Introduction: allegories of reference; the epistemolgy of metaphor; Pascal's allegory of persuasion; phenomenality and materiality in Kant; sign and symbol in Hegel's "Aesthetics"; Hegel on the sublime; Kant's materialism; Kant and Schiller; the concept of irony; reply to Raymond Geuss.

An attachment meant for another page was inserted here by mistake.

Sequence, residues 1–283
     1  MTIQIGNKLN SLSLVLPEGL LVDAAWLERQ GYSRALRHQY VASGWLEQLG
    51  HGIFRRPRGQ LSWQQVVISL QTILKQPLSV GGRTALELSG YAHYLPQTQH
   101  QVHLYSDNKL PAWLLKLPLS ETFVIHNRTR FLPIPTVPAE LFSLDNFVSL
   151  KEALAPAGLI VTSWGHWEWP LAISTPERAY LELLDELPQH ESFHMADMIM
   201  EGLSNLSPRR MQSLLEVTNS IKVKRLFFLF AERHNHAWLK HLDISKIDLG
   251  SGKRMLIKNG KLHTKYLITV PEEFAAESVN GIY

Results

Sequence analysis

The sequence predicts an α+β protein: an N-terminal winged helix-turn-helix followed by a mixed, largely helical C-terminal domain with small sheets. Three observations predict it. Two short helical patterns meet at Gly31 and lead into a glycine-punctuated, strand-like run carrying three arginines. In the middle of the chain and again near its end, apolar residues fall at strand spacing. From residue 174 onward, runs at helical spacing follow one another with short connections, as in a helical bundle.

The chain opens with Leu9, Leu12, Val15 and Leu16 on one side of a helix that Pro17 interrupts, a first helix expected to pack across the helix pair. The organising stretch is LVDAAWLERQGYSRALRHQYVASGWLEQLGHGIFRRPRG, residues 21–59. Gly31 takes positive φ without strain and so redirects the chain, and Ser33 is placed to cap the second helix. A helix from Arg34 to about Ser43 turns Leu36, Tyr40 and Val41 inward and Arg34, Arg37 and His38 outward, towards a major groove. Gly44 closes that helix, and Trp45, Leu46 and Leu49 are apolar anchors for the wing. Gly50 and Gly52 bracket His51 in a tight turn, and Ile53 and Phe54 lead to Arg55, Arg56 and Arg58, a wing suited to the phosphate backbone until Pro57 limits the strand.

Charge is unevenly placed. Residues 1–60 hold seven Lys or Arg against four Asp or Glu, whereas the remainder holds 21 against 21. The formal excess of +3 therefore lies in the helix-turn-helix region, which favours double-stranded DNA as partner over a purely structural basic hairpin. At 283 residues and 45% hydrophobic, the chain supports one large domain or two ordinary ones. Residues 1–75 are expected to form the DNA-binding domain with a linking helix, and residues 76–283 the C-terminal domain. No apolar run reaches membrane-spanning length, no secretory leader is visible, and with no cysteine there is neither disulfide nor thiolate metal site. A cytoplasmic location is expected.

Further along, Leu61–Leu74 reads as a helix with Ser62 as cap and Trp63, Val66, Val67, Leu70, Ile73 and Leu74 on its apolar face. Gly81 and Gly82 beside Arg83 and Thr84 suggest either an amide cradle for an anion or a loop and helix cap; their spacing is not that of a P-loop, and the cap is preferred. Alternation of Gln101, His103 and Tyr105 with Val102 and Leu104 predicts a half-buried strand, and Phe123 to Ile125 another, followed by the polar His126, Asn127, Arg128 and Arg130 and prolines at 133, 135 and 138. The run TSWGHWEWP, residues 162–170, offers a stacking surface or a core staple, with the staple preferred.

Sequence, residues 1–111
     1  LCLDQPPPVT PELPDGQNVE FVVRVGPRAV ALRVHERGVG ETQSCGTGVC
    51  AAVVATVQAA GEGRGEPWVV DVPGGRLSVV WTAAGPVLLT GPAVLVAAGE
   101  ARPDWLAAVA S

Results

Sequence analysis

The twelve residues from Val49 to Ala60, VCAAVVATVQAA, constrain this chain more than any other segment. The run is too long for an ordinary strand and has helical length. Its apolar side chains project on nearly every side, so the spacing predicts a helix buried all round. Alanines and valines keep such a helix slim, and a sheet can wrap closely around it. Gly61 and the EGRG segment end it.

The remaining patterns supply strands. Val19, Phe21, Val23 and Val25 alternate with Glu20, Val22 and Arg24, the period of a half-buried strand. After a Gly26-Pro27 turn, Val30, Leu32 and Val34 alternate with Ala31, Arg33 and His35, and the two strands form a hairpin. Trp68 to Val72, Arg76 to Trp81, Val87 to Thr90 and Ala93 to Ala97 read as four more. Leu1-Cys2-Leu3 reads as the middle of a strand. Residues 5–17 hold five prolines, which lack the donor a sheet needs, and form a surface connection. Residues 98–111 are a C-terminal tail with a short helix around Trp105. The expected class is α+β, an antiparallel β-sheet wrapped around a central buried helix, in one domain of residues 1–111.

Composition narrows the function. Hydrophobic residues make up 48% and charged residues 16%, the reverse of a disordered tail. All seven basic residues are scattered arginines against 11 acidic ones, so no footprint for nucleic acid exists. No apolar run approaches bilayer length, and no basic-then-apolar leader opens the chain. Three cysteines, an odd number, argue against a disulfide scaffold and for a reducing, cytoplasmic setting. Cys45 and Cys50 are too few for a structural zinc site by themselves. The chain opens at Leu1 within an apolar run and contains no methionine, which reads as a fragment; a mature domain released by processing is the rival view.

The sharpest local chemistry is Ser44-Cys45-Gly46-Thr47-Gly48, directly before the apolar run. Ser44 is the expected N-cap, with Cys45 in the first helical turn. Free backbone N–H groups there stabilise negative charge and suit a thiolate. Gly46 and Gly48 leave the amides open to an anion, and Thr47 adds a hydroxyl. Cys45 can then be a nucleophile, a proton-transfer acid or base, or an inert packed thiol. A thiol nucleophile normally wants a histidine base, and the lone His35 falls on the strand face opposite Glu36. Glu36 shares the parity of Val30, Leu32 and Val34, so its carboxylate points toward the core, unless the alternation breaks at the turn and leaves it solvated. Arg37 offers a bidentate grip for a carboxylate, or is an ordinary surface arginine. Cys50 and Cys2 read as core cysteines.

While the imitators of great literary theorists may have produced the least lucid, most jargon-laden and most parodied literary and cultural criticism since the 18th century, editors Wlad Godzich and Jochen Schulte-Sasse of the University of Minnesota's Theory and History of Literature series cannot be blamed for such excesses. Their 88-volume series, which contains some of the most cogent though still challenging criticism of the last 15 years, terminates with a volume from the controversial late Yale deconstructionist Paul de Man (Aesthetic Ideology) and a retranslated edition of mid-century Frankfurt School leader Theodore Adorno's Aesthetic Theory. This dignified leave-taking preempts the empty millennial speculation currently dominating postmodern studies, and leaves in its wake a generation of scholars reared on the series. (De Man: $49.95, 224p ISBN 0-8166-2203-5, $19.95 paper -2204-3; Adorno: $39.95, 448p ISBN 0-8166-1799-6, cloth only)